Attachment: 215.17 KB
group-sm.jpg
A few of my students who have armour after a night of harnisfechten practice. Note that some of them are using GDFB as their starter armour. I'm the one the 3/4 gothic harness, second from the left.

Virginia Academy of Fencing Historical Swordsmanship
--German Longsword & Italian Rapier in the DC Area--


"A despondent heart will always be defeated regardless of skill."
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Robert Hinds




Location: Whitewater, Wisconsin USA
Joined: 15 Sep 2010
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Posts: 243

PostPosted: Fri 03 Jun, 2011 3:49 pm    Post subject:         Reply with quote

Mr. Grandy speaks the truth. I'm currently going route 2. Happy

Although I just have to add that if the stuff doesn't fit right it might not be good for costume armour either. If a piece rubs you wrong or if a visor just won't stay up or if a helmet keeps rocking around on your head it can be a real pain, even if your just walking around a ren faire.

"Young knight, learn to love God and revere women; thus your honor will grow. Practice knighthood and learn the Art that dignifies you, and brings you honor in wars." -Johannes Liechtenauer

"...And he that hath no sword, let him sell his garment, and buy one..." Luke 22:36
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Jeffrey Faulk




Location: Georgia
Joined: 01 Jan 2011

Posts: 578

PostPosted: Sat 04 Jun, 2011 6:42 am    Post subject:         Reply with quote

Okay, thank you both for your responses...

Firstly, the Windlass sallet will be too big then I take it? I have a fairly large head, it might not be an issue. I'm not sure how exactly one would measure a head for custom fitting a helmet though aside from just running a tape measure around the forehead... Are the GDFB sallets any better? Have you seen any similar long-tailed sallets in the $200-300 range that would do better?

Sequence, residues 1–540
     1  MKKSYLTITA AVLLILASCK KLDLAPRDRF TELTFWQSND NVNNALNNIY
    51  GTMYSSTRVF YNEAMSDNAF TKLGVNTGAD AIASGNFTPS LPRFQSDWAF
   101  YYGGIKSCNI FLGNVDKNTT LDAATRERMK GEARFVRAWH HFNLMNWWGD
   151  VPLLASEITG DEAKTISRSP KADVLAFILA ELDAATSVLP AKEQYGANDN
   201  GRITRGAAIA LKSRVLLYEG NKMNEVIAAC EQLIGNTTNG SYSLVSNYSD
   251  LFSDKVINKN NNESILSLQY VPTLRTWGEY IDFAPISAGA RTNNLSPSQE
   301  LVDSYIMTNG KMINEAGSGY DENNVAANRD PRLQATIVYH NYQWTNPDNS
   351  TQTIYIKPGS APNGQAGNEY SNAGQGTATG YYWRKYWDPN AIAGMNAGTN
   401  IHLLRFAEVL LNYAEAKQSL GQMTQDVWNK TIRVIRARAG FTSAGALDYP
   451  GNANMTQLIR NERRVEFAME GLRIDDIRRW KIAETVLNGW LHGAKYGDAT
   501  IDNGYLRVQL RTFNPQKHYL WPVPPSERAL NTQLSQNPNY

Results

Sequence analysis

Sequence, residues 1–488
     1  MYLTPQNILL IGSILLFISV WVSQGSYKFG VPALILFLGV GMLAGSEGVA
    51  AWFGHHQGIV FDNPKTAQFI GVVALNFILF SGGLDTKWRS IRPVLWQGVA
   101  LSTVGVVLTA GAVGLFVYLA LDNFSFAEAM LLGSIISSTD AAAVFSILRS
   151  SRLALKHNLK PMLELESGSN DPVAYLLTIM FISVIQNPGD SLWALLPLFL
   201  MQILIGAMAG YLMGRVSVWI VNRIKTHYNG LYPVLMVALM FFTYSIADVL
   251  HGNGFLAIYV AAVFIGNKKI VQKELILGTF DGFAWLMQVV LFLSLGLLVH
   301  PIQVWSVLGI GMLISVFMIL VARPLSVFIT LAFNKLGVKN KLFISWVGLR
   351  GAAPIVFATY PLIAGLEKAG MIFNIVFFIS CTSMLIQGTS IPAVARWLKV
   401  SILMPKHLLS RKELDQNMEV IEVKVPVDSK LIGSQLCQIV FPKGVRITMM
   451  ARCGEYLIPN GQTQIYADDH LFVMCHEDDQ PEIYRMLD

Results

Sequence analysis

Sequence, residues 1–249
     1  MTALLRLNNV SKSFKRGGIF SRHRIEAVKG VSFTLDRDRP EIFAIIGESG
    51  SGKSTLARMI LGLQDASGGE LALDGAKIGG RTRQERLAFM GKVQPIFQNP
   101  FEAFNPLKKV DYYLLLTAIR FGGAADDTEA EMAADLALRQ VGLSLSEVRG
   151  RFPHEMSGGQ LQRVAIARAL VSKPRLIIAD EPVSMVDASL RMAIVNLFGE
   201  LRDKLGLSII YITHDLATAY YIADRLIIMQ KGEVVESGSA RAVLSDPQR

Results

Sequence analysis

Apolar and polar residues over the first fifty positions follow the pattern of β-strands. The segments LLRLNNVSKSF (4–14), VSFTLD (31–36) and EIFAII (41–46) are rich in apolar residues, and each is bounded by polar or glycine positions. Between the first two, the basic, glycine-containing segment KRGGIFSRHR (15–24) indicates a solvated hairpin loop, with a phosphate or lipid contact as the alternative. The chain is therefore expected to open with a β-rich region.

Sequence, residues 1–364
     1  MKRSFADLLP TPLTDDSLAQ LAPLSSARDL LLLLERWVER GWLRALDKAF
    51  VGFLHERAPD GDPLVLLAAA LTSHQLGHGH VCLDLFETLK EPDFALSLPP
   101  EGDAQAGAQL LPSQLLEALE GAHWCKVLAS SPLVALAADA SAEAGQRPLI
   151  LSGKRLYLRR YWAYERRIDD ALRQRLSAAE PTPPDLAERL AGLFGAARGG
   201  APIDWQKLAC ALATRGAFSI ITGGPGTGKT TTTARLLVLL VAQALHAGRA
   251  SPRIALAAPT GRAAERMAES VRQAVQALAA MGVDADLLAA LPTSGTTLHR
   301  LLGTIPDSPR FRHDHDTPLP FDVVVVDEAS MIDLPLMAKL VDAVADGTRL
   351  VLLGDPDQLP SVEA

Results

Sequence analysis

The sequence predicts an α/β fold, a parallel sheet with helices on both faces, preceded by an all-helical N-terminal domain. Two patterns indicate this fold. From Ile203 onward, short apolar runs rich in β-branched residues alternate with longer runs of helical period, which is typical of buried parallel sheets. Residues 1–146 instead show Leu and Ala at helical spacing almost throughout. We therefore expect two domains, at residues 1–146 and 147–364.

Secondly, I was pretty sure the Deepeeka gauntlets weren't all that functional. The thing is, I love their aesthetic with the Gothic hinged wrist, fluting, and cut-outs. It's fairly difficult to find similar but more functional gauntlets for a price like Deepeeka offers ($170 before shipping on Kult of Athena). Again, any suggestions?

Thirdly, regarding the arms, I actually would prefer full vambraces, and I realized just last night the Windlass arms don't have that. Together with the difficulties with the pauldrons, I'm thinking about getting a full Gothic arm and leg set from ArmStreet... costs a good deal more, but might be worth it if ArmStreet is a decent armourer.

As for my intents with the armour... I think it's best summed up as personal display with possible living history and harnisfechten applications. I might wear a piece or two to a Ren Fest or whatever, but unless I get more involved in WMA beyond cutting a few bottles, it would mostly be standing in a corner at my house! Display or not, I would still like to know that if I put it on and someone took a swing at me, I'd come out pretty much in one piece.

So, yeah... that's what I'm looking for. Thanks again for everybody's answers, I look forward to hearing more!